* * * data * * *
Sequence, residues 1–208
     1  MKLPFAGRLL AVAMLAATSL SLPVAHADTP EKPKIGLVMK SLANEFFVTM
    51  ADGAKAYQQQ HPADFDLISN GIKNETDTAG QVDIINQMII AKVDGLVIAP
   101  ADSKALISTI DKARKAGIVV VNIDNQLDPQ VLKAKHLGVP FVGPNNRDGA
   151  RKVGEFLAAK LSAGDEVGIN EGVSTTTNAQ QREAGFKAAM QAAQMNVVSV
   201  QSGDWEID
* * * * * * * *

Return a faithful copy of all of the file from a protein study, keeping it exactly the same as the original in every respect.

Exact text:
Sequence, residues 1–208
     1  MKLPFAGRLL AVAMLAATSL SLPVAHADTP EKPKIGLVMK SLANEFFVTM
    51  ADGAKAYQQQ HPADFDLISN GIKNETDTAG QVDIINQMII AKVDGLVIAP
   101  ADSKALISTI DKARKAGIVV VNIDNQLDPQ VLKAKHLGVP FVGPNNRDGA
   151  RKVGEFLAAK LSAGDEVGIN EGVSTTTNAQ QREAGFKAAM QAAQMNVVSV
   201  QSGDWEID